Delphi celebrated its 28th anniversary with the much-awaited DelphiCon 2023. In this video, Carlos Agnes will share his personal experiences from being a Delphi consultant for more than ten years. Entitled “You’re Doing it Wrong“, this presentation will highlight some of the common mistakes that most developers do when coding. Whether it is part of a Windows program development or with other platforms like macOS, iOS, or Android, apparently, there are a set of common mistakes and bad techniques made by more developers than you might think.
What are some common mistakes in coding?
First on the list is the IfThen function. We have learned from some sessions of Coding Boot Camp 2022 how to properly declare a variable and how to effectively use them for Mathematics. Here, we have learned the different If Statements. IfThen, for instance, is a very useful function but some developers forget that IfThen is not necessarily a ternary operator, or at least not a real one. It means that IfThen is not resolved at the compiler level but as a function or a normal library. Regardless of the Boolean expression that will be used as the first parameter, whether the parameter is true or not, both the second and the third parameter needs to be evaluated before returning one or another. The common mistake is that some developers provide one or even worse two parameters that are complex to evaluate.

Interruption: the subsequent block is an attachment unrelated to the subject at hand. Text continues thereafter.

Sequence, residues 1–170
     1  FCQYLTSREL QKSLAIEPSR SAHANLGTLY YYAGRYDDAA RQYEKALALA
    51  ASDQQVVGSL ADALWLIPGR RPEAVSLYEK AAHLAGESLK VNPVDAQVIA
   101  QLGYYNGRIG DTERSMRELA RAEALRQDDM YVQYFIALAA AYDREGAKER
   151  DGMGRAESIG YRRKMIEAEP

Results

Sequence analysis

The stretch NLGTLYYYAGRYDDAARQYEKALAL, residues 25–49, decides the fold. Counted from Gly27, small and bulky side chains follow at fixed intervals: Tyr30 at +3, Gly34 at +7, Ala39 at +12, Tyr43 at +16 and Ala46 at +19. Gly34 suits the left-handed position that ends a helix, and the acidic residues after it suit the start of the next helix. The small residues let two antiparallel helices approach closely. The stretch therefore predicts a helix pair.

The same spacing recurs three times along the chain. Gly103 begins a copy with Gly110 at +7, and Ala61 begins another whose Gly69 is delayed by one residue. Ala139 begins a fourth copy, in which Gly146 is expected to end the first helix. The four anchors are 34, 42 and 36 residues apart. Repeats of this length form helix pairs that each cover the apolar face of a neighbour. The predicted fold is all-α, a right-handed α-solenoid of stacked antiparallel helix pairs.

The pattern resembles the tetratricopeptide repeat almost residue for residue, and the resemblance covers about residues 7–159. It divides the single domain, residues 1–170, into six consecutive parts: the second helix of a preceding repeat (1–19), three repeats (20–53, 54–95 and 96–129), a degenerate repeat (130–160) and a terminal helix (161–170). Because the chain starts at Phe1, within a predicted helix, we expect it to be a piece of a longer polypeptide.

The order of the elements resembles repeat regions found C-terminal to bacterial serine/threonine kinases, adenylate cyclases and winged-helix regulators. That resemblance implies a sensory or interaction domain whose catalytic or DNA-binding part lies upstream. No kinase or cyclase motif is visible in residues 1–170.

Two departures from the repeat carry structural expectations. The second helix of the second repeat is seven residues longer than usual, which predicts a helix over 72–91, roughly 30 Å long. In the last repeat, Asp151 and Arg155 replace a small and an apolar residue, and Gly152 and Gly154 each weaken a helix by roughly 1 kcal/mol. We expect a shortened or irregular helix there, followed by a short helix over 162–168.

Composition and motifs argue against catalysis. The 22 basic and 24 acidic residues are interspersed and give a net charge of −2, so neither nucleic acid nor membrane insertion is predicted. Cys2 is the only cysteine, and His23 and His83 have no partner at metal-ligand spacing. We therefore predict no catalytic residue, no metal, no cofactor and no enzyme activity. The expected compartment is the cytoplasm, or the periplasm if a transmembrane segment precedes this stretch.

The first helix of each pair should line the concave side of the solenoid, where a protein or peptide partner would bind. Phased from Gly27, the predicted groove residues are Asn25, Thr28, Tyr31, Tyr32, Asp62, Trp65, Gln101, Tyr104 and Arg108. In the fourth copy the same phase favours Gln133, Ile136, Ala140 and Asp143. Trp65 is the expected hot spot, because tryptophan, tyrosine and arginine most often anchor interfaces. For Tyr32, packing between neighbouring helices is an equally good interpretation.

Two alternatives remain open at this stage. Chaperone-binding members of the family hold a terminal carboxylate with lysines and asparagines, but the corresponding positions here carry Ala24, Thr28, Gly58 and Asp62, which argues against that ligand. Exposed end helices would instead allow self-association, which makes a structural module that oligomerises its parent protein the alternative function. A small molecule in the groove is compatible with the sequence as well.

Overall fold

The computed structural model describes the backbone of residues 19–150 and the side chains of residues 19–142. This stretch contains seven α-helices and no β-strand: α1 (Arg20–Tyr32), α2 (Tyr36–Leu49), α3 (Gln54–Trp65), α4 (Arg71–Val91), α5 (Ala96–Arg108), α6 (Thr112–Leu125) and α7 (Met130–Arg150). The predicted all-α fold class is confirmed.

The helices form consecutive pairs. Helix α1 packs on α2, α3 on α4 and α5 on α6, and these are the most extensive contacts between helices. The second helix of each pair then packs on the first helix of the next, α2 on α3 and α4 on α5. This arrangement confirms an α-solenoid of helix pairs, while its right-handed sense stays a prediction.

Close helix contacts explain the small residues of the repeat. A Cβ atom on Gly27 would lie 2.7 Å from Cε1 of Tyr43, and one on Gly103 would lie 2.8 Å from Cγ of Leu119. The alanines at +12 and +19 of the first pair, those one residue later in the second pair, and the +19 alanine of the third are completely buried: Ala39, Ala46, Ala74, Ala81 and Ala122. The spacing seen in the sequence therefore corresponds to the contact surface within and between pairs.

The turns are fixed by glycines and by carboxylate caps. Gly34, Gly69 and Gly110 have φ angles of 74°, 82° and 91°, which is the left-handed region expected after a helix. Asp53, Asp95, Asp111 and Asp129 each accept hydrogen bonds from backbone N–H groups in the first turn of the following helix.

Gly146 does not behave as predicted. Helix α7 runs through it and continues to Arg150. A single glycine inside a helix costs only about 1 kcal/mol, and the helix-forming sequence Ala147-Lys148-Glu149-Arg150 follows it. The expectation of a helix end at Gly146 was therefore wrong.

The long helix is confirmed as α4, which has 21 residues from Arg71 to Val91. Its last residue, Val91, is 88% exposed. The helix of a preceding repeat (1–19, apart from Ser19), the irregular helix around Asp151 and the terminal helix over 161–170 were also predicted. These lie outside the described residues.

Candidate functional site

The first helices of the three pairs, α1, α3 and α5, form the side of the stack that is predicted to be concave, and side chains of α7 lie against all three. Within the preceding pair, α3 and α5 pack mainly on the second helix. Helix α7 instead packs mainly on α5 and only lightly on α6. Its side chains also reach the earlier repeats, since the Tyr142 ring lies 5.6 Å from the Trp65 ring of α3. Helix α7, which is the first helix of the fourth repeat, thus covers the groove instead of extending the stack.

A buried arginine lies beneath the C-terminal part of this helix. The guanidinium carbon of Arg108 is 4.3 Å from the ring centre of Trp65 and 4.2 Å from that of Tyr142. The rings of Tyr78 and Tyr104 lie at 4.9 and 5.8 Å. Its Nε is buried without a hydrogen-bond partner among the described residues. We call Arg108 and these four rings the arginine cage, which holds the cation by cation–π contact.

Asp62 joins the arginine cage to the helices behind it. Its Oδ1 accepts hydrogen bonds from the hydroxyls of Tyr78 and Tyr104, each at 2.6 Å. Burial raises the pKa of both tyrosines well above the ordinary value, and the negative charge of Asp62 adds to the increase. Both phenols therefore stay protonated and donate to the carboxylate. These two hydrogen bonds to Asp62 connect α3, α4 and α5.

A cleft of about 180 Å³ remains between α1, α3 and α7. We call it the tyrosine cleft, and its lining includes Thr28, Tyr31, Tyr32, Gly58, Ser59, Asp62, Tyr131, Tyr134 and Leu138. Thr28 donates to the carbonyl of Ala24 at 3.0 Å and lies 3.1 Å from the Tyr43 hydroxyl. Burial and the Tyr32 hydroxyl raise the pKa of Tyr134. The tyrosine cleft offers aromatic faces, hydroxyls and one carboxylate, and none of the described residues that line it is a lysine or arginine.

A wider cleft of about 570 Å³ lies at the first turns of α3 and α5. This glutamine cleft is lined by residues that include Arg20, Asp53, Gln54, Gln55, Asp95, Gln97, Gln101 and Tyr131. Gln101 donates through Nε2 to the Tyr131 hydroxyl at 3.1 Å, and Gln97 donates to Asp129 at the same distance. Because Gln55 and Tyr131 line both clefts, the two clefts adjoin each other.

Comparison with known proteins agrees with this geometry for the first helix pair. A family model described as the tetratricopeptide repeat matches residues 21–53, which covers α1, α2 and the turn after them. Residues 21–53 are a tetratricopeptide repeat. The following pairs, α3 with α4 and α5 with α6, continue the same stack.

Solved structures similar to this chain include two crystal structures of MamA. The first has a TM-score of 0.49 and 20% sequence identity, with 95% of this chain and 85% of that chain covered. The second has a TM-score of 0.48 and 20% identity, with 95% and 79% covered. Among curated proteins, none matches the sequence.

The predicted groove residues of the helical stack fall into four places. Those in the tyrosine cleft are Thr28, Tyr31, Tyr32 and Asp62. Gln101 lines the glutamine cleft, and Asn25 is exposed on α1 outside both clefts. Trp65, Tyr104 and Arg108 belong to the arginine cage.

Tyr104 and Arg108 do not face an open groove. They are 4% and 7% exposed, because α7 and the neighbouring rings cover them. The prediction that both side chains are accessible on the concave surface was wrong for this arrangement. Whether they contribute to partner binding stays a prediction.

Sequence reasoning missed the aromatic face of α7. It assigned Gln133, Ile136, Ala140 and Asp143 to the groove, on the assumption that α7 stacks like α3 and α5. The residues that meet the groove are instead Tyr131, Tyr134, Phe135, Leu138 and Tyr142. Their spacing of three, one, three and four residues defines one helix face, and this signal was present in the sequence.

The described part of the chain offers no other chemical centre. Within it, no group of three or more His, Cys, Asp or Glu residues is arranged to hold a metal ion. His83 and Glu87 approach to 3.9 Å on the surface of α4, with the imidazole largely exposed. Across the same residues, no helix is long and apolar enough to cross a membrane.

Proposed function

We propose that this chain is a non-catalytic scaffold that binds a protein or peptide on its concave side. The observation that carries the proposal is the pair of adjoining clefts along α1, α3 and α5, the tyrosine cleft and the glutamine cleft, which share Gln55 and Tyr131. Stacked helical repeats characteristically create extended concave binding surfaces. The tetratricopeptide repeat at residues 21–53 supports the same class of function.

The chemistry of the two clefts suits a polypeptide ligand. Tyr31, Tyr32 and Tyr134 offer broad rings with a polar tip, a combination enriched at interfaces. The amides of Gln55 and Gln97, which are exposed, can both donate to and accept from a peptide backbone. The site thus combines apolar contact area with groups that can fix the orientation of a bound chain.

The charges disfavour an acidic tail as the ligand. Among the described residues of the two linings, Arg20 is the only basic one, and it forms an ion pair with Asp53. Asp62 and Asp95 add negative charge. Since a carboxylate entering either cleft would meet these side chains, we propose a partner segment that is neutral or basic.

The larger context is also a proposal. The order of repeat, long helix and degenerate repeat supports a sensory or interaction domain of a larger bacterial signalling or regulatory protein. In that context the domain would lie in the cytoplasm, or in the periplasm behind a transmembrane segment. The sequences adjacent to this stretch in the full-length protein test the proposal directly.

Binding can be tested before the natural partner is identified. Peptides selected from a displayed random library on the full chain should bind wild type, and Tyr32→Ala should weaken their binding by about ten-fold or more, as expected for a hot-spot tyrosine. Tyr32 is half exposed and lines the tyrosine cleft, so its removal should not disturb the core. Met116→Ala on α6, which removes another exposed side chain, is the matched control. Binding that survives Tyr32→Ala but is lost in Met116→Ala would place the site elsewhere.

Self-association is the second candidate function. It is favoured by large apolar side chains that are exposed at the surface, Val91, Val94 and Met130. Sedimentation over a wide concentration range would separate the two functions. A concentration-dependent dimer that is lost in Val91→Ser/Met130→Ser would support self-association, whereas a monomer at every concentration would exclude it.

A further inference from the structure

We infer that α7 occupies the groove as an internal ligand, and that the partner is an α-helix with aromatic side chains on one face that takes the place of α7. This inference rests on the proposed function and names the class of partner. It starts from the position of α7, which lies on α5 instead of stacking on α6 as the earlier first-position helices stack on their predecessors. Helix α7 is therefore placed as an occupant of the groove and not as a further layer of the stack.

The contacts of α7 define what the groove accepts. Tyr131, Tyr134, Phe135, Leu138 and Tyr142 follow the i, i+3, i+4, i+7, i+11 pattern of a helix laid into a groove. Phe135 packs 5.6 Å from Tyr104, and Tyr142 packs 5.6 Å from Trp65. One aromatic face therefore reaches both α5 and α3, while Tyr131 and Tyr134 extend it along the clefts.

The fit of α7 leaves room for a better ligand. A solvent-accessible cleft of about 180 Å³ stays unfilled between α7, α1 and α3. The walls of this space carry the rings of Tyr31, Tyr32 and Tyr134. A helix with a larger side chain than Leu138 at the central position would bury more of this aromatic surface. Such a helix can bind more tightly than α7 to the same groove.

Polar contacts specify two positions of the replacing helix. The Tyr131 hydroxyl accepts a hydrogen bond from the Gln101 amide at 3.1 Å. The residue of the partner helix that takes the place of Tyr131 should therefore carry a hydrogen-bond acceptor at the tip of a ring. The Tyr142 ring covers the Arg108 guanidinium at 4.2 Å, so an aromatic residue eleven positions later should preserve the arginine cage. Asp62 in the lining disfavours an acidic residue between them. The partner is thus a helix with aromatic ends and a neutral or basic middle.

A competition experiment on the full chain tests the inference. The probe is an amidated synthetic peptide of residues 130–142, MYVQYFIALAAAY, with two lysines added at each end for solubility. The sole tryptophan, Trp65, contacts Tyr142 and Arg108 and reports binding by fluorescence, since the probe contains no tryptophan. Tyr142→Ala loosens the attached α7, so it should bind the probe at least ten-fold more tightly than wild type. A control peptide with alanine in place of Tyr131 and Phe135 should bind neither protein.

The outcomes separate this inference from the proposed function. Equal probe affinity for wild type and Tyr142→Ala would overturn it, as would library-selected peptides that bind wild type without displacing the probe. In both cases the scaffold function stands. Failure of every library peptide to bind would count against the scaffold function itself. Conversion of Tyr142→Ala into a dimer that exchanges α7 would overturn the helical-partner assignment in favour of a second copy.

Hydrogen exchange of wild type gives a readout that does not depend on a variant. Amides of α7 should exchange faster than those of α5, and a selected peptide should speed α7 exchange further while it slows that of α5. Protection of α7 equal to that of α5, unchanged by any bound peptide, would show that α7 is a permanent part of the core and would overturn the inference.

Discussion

Another common topic highlighted in this presentation is the use of the Short Circuit Evaluation, a programming concept in which the compiler skips the execution or evaluation of some sub-expressions in a logical expression. Another common mistake tackled in this video is the unnecessary type-casting tests. Another example of a process that most developers are probably doing wrong is the relationship between creating an object with a try, finally, and then calling the frei inside of the finally block. Carlos concluded the talk with another common mistake that most developers tend to overlook. Here, Carlos is advising developers to establish a Zero Warnings and Hints Policy to prevent software bugs. This means the source code is compiled with a high warning level and no compiler warning is acceptable.
To learn more about these common mistakes and how the solutions to correct them, feel free to watch this video from the recently concluded DelphiCon 2023